Independent t-tests were performed to determine whether groups were comparable at baseline. Repeated-measures analysis of variance (ANOVA) tests were performed to test for differences across time and across group (extraction vs nonextraction) and to identify interactions showing that extraction differentially affected airway, skeletal, or dental features. Repeated-measures tests were appropriate given that failure to consider within-subject variance typically overestimates the sensitivity of tests. Correlations between baseline scores and change in score, using Pearson correlation coefficients, were performed to identify potential confounding measurement sources of variance. Sequential-entry multiple regression analysis was performed to control for potentially confounding effects. Exact test statistics are reported, as are exact P-values for all tests.
The average Cronbach alpha coefficient for consistency in airway readings for two judges was 0.981, with no coefficient below 0.954.
The results for airway measures are shown in Table 5. The mean and standard deviation 2 × 2 crossed classification of scores for the five airway measures in the nasopharynx, retropalatal, and retroglossal regions are shown. Figure 4A is a graph of a representative result for retropalatal volume. This is typical of the findings by virtue of showing no change over time, a slight tendency for extraction cases to have larger measurements both initially and at the end of treatment, and no differential effects with extraction.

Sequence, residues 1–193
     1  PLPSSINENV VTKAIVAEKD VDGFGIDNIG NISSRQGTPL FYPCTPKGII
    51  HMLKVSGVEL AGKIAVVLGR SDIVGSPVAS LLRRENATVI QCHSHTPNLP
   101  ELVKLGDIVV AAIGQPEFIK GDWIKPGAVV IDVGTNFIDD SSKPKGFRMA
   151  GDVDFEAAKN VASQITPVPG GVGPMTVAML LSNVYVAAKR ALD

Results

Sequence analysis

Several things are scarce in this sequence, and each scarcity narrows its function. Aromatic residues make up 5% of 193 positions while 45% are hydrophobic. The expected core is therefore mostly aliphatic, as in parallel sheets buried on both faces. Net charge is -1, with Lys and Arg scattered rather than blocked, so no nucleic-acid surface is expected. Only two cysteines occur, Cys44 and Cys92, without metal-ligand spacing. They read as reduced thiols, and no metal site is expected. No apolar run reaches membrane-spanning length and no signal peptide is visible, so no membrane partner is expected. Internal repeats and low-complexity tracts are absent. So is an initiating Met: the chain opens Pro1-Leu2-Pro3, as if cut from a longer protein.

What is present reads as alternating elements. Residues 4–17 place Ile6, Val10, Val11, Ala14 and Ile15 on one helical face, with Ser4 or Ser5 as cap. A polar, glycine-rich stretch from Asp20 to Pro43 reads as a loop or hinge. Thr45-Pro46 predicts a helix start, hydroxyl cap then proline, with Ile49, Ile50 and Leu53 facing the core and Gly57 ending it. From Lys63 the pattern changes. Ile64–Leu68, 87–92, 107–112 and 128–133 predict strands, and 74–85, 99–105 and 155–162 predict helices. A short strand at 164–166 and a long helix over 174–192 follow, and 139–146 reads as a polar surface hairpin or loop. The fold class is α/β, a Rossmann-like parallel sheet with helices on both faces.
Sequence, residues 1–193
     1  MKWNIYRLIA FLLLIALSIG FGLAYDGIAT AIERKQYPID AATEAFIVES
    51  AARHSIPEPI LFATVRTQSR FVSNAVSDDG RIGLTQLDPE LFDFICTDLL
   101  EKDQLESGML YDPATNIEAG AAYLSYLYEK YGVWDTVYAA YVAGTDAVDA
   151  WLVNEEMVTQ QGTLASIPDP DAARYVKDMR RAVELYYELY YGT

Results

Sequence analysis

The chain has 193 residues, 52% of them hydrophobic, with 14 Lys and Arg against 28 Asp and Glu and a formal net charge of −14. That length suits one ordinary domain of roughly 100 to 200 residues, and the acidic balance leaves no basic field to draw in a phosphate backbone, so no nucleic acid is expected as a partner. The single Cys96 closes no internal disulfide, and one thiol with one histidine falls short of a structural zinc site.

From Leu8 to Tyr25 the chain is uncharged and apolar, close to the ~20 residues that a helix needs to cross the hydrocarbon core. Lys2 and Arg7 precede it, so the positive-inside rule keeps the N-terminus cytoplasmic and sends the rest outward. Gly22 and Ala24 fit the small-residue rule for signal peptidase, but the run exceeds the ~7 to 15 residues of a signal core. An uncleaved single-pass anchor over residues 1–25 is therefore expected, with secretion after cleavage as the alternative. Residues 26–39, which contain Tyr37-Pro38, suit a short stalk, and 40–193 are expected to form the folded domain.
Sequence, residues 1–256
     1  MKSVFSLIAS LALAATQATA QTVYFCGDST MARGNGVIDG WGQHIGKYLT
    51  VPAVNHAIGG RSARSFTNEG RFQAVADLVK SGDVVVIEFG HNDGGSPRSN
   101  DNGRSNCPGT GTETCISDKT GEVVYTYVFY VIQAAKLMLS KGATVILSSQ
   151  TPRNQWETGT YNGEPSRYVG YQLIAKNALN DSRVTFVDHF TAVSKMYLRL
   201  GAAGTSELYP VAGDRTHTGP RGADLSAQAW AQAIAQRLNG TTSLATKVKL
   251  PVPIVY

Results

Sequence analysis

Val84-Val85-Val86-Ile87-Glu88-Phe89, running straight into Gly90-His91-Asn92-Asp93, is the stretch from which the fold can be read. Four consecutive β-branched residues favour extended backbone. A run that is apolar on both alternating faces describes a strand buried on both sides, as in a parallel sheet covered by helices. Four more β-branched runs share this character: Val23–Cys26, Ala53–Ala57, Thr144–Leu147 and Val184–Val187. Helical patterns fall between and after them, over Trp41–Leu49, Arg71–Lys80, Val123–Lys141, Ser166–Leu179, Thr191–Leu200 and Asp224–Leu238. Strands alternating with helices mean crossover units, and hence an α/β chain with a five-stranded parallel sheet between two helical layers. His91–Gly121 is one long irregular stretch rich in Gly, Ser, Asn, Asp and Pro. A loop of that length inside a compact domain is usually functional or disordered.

Although subjects were matched based on age and sex, for seven of the 15 airway features measured, the extraction group began the study with slightly larger airways (independent t-tests for differences between groups at baseline). In five of 15 cases, subjects in the extraction group showed larger airway values when combined across both T1 and T2 (main effect for group in repeated-measures ANOVA). There was only one feature (MCA in the retropalatal areas) for which that effect showed a marginally significant difference during treatment, regardless of extraction (main effect for time in repeated-measures ANOVA). It appeared that there was a differential effect of extraction in the single case of MCA in the nasopharynx region. That difference failed to reach significance at P < .10 when corrections are taken for measurement error.
The only consistent finding in these data was that changes in airway features were associated with their baseline conditions. For all but one feature, the correlation between baseline score and change score was highly significant. The association was always negative, demonstrating that small airways grew in size and large airways decreased in size. This effect is diagrammed in Figure 4B for retropalatal MCA, showing that both extraction and nonextraction cases that were initially smaller than 100 mm2 tended to increase and that both extraction and nonextraction cases that were larger than 200 mm2 tended to decrease in size during treatment.